Newly-revealed evidence shows that a political team headed up by Stu Spencer, now a top adviser to Gov. John Kasich’s presidential campaign, was trying to draft former President Gerald Ford to challenge Ronald Reagan for the GOP nomination for President.
Breitbart News has obtained a photograph of an original document from 1980 that has never been made public. It is a form issued by the Ohio Secretary of State’s office, and was apparently signed by former President Ford on March 13, 1980. The form was witnessed by former top aide Robert Barrett and future Reagan acting press secretary Larry Speakes, and it declares Ford’s intention to run as a candidate for President in the 1980 Ohio GOP primary.
A source says the document was one of two dozen copies of the same form he personally obtained from the offices of the Ohio Secretary of State in March 1980, transported to Washington, D.C. and gave, unsigned, to a Ford operative. He then received the form, apparently signed by Ford, half an hour later and has kept it unknown to the public for 36 years.
Titled “Consent for Use of Name as First Choice for the Presidency,” it contains the following subtitle “(Several Candidates) Revised Code Sec. 3513.12.” At the very top left in small print it is labeled “Form No. 2-M. Prescribed by the Secretary of State. (11-75).”
The photograph of the original document, provided by our source, is included below.
Though the document itself does not specify that it is for use in the state of Ohio, it is similar to the current document in use in the state of Ohio, “Declaration of Candidacy, Party Primary Election For President.”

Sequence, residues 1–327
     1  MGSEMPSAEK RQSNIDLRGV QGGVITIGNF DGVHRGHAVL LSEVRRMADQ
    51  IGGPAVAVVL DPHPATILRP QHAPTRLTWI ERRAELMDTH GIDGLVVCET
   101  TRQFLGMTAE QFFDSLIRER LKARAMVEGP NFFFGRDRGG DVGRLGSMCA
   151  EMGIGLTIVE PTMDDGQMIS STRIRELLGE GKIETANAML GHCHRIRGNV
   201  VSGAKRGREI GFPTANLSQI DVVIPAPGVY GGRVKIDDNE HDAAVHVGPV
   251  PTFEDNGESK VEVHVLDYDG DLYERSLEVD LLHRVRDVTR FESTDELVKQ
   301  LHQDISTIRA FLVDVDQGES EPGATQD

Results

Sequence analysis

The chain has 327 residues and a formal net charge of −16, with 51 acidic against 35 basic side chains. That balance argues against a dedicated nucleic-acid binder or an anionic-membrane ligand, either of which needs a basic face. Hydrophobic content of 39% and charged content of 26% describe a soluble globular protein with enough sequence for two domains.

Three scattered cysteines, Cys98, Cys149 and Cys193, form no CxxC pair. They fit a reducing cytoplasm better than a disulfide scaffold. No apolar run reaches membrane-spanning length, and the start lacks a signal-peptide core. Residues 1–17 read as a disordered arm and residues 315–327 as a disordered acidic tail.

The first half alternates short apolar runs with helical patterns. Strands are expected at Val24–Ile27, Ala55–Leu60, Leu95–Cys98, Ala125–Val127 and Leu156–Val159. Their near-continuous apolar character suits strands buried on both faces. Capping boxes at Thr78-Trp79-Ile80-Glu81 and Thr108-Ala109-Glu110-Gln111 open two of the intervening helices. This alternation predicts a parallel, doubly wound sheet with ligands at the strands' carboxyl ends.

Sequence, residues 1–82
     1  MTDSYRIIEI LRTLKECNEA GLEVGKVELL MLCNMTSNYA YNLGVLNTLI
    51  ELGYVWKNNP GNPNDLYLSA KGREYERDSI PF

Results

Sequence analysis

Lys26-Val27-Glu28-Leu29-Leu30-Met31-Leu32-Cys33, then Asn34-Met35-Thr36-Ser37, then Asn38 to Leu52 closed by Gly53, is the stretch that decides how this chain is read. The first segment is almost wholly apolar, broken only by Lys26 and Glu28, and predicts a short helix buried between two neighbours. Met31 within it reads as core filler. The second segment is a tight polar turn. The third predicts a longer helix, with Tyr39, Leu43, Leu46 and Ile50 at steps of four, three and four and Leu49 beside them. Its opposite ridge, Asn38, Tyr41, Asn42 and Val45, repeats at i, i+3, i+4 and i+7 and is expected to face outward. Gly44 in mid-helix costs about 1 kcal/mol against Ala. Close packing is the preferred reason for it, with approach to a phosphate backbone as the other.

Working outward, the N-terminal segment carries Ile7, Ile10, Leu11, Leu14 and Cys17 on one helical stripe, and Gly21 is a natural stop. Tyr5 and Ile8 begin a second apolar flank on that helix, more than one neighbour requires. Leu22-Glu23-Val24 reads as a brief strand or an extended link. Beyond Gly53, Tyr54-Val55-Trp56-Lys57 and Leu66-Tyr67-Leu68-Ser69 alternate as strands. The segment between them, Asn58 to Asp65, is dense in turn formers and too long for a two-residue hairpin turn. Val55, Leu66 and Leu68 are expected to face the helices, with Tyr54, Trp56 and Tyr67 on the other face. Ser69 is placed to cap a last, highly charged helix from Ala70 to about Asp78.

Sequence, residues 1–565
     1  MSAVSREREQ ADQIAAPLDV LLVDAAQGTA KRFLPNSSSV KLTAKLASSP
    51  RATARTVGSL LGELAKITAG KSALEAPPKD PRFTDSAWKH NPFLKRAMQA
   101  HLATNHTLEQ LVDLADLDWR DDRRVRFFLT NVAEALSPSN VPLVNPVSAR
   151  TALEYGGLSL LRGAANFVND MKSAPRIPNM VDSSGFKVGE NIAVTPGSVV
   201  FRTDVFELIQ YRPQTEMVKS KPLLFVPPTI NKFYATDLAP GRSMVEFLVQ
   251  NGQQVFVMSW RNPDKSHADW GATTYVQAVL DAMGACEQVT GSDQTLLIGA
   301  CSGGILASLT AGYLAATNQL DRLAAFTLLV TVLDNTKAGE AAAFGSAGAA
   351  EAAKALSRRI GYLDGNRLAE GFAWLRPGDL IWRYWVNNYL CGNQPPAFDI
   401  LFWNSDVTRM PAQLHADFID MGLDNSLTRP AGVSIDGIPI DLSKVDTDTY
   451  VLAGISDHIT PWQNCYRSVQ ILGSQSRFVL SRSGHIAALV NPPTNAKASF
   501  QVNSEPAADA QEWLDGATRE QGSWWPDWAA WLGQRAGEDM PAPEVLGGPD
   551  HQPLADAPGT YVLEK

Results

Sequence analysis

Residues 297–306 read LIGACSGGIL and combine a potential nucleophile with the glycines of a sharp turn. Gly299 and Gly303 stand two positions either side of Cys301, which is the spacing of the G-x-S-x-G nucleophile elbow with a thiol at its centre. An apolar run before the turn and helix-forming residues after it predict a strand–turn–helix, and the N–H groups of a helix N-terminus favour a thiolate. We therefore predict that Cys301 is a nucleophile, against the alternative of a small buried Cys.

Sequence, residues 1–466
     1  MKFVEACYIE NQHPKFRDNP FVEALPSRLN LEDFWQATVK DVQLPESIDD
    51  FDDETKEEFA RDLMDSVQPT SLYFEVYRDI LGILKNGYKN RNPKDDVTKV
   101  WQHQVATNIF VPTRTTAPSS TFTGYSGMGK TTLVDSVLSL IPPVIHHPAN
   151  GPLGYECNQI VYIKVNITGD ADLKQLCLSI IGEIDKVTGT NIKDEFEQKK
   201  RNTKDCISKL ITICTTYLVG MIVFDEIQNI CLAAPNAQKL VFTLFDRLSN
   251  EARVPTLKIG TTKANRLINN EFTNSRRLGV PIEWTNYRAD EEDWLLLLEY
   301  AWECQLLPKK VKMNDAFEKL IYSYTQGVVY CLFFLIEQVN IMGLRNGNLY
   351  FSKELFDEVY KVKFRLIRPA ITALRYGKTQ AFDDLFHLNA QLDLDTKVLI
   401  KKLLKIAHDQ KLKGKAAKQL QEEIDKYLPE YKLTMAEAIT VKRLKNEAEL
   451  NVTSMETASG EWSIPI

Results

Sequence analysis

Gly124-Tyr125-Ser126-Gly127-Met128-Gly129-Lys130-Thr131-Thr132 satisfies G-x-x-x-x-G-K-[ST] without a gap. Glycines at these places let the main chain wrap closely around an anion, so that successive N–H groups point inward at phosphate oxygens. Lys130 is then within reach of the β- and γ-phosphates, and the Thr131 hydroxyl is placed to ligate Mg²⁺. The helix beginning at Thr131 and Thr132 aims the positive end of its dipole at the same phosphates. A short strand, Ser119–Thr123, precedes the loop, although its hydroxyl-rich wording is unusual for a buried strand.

Our source has also provided a photograph of another document, dated March 10, 1980, which shows the first page of the state-by-state delegate calculus he put together during his brief employment by the “Draft Ford” effort he says was led by Spencer.
That photograph of the document, which references the delegate status of 10 states, is included below:
“We had placed him [former President Ford] on the ballot with his knowledge in every state we could without his signature. He actually got in before he got out,” our source says of Ford’s potential 1980 candidacy.
Note that the document would support this statement, as it shows the “Draft Ford” effort had placed Ford’s name on the ballot in Tennessee, Maryland, Michigan, Rhode Island, and South Dakota, or six out of the ten states on the page.
In Ohio, the ballot status listed on the spreadsheet says “Petitions-sign by 3-13” under “Actions Needed for Ballot.” The date of the primary is listed as 6/3.
“My role was to find out about the deadlines [for filing to run by state], and report back,” our source says.
Reagan biographer Craig Shirley extensively documented the “Draft Ford” movement organized by Spencer in his 2009 account of Reagan’s 1980 campaign, Rendezvous With Destiny.
The new documents would indicate that Ford, encouraged by current Kasich operative Spencer, may have been closer to announcing his candidacy than was previously known.